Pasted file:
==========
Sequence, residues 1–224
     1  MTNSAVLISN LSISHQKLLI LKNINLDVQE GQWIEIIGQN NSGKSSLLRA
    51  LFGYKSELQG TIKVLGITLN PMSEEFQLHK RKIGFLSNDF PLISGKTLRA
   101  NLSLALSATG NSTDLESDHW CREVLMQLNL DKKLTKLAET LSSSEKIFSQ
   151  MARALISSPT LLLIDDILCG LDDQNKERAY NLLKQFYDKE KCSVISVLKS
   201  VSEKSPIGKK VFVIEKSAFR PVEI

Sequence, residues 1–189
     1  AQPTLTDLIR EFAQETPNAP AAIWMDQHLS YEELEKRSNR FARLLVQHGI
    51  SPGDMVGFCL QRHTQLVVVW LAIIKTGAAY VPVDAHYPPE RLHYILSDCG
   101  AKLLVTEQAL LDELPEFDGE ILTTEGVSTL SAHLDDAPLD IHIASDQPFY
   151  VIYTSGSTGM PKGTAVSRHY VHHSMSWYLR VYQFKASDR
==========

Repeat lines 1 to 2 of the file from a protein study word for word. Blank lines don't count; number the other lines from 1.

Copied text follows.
Sequence, residues 1–224
     1  MTNSAVLISN LSISHQKLLI LKNINLDVQE GQWIEIIGQN NSGKSSLLRA